From US-Russia nuclear talks to a toad you probably shouldn't lick – Here's your November 10 news briefing

To start off, we're looking into: The US and Russia nuclear treaty talks – In 2010, the US and Russia signed an agreement called The New START treaty, which was extended to last through 2026.

From US-Russia nuclear talks to a toad you probably shouldn't lick – Here's your November 10 news briefing
Russian President Vladimir Putin attends a ceremony to mark the 75th anniversary of Federal Medical-Biological Agency, in Moscow, Russia November 9, 2022. Sputnik/Sergey Bobylev/Pool via REUTERS

To start off, we're looking into:

The US and Russia nuclear treaty talks

In 2010, the US and Russia signed an agreement called The New START treaty, which was extended to last through 2026. It allows Russia and the US to inspect each other’s nuclear weapons facilities on-site, but these were suspended in 2020 because of COVID. And ever since Russian President Vladimir Putin invaded Ukraine, foreign relations between the two countries have been tense. Earlier this year, the US tried to resume inspections, but Russia wasn’t on board.

On Tuesday, US State Department spokesperson Ned Price said the countries have agreed to resume the treaty talks soon. These would be the first New START talks since Russia invaded Ukraine. It’s looking pretty positive that Moscow has shown interest in resuming the talks, but it would only happen after inspections are back on.

China’s banks are in hot water

Paramilitary police officers stand guard in front of the headquarters of the People's Bank of China, the central bank (PBOC), in Beijing, China September 30, 2022. REUTERS/Tingshu Wang

China's property market has been dealing with a bit of a crisis. The government has been trying to ease the liquidity troubles of developers, especially since the property sector makes up about 28% of China's GDP. China asked banks to raise their net financing to help the property sector weather the storm. But now, these banks are facing growing risks since officials vowed to "unswervingly" stick with the zero-COVID approach, and the housing slump isn't showing signs of easing.

Big Chinese banks aggressively expanded their credit lines to the property and infrastructure sectors this year. But now, these banks' valuations are at a record-low level of about 0.4 of their Hong Kong book value. To put this in perspective – this is about where investors priced big US banks, including JPMorgan and Bank of America, during the 2008 market crash.

Tooting instead of tweeting

Source: Shutterstock

Elon Musk’s Twitter is pretty much a disaster so far, and his takeover could potentially spell the end of the platform. With Musk’s decisions to fire executives, change the verification system and overhaul the content moderation approach, many users are tired of him. But what can even replace Twitter?

That’s where Mastodon comes in. A Germany-based social network, Mastodon is where Twitter quitters are headed. It’s a decentralized, open-source platform that looks a lot like Twitter (with hashtags and all). But, it’s more focused on giving users more control over the content they see and interact with.

There are some differences – handles are more like emails, “toots” are longer than tweets and it may be harder to find people you know. At least, for now.

To end, we'll look into:

COP27 and corporate greenwashing

Secretary-General of the United Nations Antonio Guterres, Egyptian President Abdel Fattah al-Sisi and others attend the COP27 climate summit in Sharm el-Sheikh, Egypt November 7, 2022. REUTERS/Mohammed Salem/File Photo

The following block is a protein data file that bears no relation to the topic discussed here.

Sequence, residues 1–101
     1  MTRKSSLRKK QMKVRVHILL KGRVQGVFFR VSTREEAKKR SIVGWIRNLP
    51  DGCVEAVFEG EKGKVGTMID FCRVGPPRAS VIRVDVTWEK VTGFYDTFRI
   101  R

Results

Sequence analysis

Another environmental story from us! We know we've been talking about climate topics quite a lot lately, but with COP27 going on, there are so many interesting developments that we want to share.

One of the most important issues being addressed by the UN at COP27 is corporate and governmental greenwashing. "Greenwashing" is usually a term used when talking about a product or service that's publicized as being more environmentally friendly than it really is – for the sake of profit. Corporate and governmental greenwashing is a little bit different.

Basically, what's happening is that many companies and governments claim that they're working toward net zero greenhouse gas emissions by a certain year – usually 2050. And while making these claims, they still invest in and back new coal, oil and gas developments. To make up for supporting these projects, organizations rely on carbon offsets. An offset is a way to compensate for emissions you cause by funding an unrelated environmental project, like planting trees.

The issue is that offsets just don't really work. As Barbara Haya, the director of the Berkeley Carbon Trading Project at the University of California, Berkeley, explained: "The most basic problem with carbon offsets is that you're trading a known amount of emissions with an uncertain amount of emissions reductions. But there's also the whole trading approach of companies being able to buy their way out of their responsibility to reduce their own emissions."

At COP27, there is an entire panel dedicated to addressing this trend. On Tuesday morning, UN Secretary-General António Guterres delivered a report with recommendations and guidelines for net zero targets from companies and non-state organizations. He said: "The problem is that the criteria and benchmarks for these net zero commitments have varying levels of rigor and loopholes wide enough to drive a diesel truck through. We must have zero tolerance for net zero greenwashing."

Among the guidelines are redlines for greenwashing. For example, companies can't claim to be going net zero while continuing to support new fossil fuel infrastructure, deforestation or other environmentally-damaging activities. They also can't just buy emissions credits instead of cutting their own emissions. Plus, they can't oppose government climate policies on their own or through trade associations.

In other news ...

📉Stocks: MSCI’s global gauge of stocks is down 1.77% to 2509.77 at the time of writing.

📰Some specifics:

  • Dow Jones is down 1.95% to 32,513.94.
  • Nasdaq Composite is down 2.48% to 10,353.18.
  • S&P 500 is down 2.08% to 3,748.57.
  • Hang Seng Index is down 1.20% to 16.358,52.